Vogtle Units 1 and 2. "There's half a dozen shallow wells. If we do
have a problem with the wells, what will happen to them? Southern
Company said they would handle the infrastructure. Why hasn't that been
done?"




"In recent weeks we've had reports there are farmers who are concerned
they've had to dig deeper wells for their irrigation. Homeowners have
had to do additional well-drilling. People are blaming Vogtle. The idea
of two new nuclear plants is of real concern," Marsh said.




The NRC has not interviewed Rhodes or other farmers, but has been told
by local agencies that the water consumption would not pose a risk to
wells, Hannah told IPS.




It is unclear how the drawdown of the river and aquifers would
be a small impact, even per the NRC's own regulations. The legal
definition of a small impact is when "environmental effects are not
detectable or are so minor they would neither destabilise nor
noticeably alter any important attribute of the resource." Is seven
feet of drawdown in 30 years neither detectable nor noticeable?




However, the NRC argued it is not detectable. In order to be
detectable, "a farmer living next to a plant... using well water to
irrigate... would have to notice some change in the water resource. We
don't mean a scientist using equipment couldn't notice some difference.
The difference would not be detectable by a user of the resource,"
Hannah explained.




Plant Vogtle's new units, just like any other nuclear power reactor,
will release what the NRC considers to be small amounts of radioactive
pollution through liquid and gas effluents. In the draft EIS, the NRC
states that the amounts of radioactivity projected are lower than the
federally allowed "doses" to the public.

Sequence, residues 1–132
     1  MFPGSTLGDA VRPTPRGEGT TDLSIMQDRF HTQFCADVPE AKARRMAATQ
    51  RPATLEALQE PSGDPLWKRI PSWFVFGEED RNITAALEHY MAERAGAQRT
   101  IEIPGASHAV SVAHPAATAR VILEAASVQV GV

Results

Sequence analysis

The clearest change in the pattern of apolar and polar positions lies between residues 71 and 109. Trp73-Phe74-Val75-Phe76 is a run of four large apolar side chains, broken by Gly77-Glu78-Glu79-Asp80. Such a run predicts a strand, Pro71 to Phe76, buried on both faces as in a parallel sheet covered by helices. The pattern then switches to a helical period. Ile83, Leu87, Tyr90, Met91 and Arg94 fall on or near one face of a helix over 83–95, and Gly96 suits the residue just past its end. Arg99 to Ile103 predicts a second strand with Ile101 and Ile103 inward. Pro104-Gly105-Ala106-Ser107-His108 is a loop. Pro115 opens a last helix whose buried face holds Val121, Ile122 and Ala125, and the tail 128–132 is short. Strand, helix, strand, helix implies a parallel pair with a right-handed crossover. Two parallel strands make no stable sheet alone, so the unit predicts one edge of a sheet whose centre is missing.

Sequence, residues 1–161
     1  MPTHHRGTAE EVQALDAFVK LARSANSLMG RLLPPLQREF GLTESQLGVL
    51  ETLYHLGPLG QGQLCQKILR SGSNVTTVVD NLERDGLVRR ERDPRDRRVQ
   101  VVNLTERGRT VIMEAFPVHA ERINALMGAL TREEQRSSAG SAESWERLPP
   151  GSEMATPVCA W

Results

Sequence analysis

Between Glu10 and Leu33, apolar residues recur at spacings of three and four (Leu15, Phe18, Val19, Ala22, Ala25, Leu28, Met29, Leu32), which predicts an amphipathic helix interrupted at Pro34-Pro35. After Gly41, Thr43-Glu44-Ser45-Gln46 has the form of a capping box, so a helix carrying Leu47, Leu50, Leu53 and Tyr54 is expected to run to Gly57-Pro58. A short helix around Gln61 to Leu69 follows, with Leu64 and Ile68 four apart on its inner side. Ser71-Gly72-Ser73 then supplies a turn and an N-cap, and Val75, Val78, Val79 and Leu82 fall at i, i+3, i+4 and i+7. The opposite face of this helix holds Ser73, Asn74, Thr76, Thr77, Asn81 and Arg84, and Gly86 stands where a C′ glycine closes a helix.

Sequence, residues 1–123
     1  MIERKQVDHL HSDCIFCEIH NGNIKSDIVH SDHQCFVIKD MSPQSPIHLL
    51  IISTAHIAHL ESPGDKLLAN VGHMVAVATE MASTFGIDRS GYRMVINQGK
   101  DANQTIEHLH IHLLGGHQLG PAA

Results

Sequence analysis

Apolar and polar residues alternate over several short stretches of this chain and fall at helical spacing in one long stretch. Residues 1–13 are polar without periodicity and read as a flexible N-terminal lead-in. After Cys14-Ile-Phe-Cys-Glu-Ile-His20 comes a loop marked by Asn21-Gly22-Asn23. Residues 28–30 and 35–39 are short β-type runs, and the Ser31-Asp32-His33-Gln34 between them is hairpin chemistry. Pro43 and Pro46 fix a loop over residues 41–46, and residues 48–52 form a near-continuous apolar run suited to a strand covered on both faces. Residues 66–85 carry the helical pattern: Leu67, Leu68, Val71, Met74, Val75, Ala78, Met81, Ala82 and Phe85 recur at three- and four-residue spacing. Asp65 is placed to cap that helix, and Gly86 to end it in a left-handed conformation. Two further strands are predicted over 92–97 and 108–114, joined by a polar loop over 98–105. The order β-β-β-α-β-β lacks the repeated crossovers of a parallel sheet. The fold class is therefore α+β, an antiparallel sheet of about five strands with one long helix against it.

"Currently there are no data that unequivocally establish the
occurrence of cancer following exposure of low doses below about 100
mSv [millisieverts] and at low doses," the draft EIS also states.




However, according to study by Joseph Mangano, MPH, "the
cancer death rate for children and adolescents in the 11 counties
closest to Vogtle rose 58.5 percent, compared to a 14.1 percent decline
nationally," since Units 1 and 2 opened. The study is based on data
from Southern Company and the U.S. Centres for Disease Control and
Prevention.




"During the same periods, the death rate in Burke County... rose
sharply for all cancers, especially for Blacks and for children and
young/middle age adults, while U.S. rates declined," the study
continues.




The Draft EIS does not explain the increase in cancer rates,
although it does note that current rate of cancer in Burke County, 221
per 100,000 people, is higher than the rate for Georgia statewide, 196.
Major respiratory diseases are higher, 141 to 90. Major cardiovascular
diseases are higher, 448 to 326.




Mangano told IPS that his study also shows that Burke County originally
had lower cancer rates than statewide. "In a rural town with no
industry, the cancer rate would be lower," he said. "To not take
evidence of rising radioactivity and cancer in Burke County seriously
is acting irresponsibly and dangerously."




The NRC has reviewed Mangano's study, Hannah said. "This
particular gentleman, for a number of years, has been a very active
nuclear activist. He did not correct for population increases."




However, population increases should not matter because the study looks
not at total cases, but rates of cancer per 100,000 people.




"I'm not here to say whether or not the American Cancer
Society supports the two new reactors at Plant Vogtle. I am here to
tell you Plant Vogtle has supported the American Cancer Society,"
Theresa Carter, spokeswoman, said at the hearing.




Local officials also lauded Plant Vogtle at the hearing and expressed
support for the new reactors. "We have a lot of people here who depend
on Plant Vogtle. They are very friendly to this community," said County
Commissioner Alphonso Andrews.